This test determines whether or not an individual has inherited any of the common genetic changes that enable lactase persistence and decrease the risk of lactose intolerance.
What is lactose intolerance?
Lactose intolerance is the reduced ability to digest and absorb the milk sugar lactose, due to decreased production of the lactase enzyme. This causes digestive symptoms like gas, bloating and diarrhea. This may be a temporary reduction of lactase (e.g. after surgery or illness) or a permanent reduction, often due to genetic variation.
What is lactase persistence?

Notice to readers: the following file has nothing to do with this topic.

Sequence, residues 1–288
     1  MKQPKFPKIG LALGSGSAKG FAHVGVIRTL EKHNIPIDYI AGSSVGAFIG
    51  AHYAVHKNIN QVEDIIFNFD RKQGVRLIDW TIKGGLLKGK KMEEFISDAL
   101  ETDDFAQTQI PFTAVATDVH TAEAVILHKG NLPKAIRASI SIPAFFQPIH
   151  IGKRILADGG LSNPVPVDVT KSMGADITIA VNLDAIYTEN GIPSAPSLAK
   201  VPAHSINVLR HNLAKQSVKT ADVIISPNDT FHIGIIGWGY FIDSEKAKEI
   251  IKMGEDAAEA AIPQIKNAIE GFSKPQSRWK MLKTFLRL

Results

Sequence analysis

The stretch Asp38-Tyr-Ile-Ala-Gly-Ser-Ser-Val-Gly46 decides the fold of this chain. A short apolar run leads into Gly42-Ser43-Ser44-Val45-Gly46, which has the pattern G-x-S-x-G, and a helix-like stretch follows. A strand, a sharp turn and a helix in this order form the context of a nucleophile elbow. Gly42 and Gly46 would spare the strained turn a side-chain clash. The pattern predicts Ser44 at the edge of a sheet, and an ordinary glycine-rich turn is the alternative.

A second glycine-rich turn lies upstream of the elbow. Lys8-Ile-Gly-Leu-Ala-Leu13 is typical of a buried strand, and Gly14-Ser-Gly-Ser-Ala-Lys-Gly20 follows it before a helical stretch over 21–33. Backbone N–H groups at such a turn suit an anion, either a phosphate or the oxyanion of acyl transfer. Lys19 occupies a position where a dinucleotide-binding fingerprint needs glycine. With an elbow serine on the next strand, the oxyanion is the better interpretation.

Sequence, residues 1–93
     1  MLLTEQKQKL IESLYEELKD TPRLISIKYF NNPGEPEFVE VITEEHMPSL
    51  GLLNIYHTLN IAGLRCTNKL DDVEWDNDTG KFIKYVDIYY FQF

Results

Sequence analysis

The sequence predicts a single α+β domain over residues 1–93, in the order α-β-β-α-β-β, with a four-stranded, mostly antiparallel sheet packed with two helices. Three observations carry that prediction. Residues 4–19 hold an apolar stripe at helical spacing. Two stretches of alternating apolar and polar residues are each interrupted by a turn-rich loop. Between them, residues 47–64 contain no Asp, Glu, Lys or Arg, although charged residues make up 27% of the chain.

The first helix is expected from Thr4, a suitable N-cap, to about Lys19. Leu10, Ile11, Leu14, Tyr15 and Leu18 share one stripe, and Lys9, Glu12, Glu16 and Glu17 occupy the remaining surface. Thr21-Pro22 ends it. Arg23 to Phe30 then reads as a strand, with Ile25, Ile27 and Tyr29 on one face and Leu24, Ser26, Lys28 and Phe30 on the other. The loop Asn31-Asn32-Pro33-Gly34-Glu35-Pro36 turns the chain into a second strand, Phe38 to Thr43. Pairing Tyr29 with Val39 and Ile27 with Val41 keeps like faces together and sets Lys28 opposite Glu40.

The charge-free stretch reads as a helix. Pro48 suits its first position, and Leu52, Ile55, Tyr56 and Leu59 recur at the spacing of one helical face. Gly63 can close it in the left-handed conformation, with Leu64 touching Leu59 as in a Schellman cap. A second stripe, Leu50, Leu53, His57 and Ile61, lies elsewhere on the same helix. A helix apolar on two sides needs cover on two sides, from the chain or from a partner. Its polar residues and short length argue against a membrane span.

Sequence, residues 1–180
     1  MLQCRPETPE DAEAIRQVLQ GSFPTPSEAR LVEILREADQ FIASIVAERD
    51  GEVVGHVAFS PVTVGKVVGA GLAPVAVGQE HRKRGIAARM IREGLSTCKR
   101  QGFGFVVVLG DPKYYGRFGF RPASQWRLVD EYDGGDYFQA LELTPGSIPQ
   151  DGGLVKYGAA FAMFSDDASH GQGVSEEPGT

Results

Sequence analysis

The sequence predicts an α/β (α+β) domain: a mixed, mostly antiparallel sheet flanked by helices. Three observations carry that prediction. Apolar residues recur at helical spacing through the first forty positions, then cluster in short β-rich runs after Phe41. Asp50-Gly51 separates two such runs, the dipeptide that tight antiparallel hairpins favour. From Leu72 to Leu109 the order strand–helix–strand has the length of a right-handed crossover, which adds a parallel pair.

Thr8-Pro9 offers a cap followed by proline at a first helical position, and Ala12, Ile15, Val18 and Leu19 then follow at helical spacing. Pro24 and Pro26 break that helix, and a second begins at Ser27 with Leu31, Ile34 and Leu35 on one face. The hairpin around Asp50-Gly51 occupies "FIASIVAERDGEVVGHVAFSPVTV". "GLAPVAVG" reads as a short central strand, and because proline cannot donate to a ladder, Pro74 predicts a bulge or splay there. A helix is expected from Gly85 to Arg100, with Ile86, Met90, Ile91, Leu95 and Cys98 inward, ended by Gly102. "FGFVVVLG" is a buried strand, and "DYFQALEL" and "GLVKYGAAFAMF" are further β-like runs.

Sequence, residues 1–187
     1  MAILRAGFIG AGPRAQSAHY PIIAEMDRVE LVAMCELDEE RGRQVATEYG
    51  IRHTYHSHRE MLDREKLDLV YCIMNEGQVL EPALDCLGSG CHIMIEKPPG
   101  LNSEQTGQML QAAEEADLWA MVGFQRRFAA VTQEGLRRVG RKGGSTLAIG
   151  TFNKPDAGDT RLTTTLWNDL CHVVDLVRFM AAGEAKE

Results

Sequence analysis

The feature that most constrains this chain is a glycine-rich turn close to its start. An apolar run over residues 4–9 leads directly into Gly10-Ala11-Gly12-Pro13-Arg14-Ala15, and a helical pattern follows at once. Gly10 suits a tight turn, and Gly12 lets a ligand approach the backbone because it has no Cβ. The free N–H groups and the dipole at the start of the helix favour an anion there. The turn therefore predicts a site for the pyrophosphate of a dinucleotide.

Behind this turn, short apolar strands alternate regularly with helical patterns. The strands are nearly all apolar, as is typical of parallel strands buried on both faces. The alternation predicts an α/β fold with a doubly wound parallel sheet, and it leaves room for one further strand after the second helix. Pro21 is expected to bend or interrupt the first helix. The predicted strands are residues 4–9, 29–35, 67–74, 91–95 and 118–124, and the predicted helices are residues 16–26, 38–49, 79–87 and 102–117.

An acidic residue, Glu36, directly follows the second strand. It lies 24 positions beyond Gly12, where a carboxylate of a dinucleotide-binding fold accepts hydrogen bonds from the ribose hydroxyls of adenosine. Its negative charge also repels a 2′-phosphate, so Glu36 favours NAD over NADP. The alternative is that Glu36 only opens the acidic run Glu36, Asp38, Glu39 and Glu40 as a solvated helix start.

Lactase persistence is the opposite to lactose intolerance. Lactase persistent individuals are able to produce the lactase enzyme for their entire lives, meaning they can continue to consume dairy products right through adulthood.
How is lactose digested?
The lactase enzyme is responsible for the digestion of the lactose sugar found in dairy products. Lactase is produced in the small intestine and breaks down lactose into two smaller and more readily absorbable sugars – glucose and galactose.
Symptoms of lactose intolerance
Lactose intolerance causes undigested lactose to build up in the large intestine, resulting in the growth of gas-producing gut bacteria. Lactose intolerance symptoms include:
- Abdominal pain or cramps
- Gurgling and rumbling sounds from the abdomen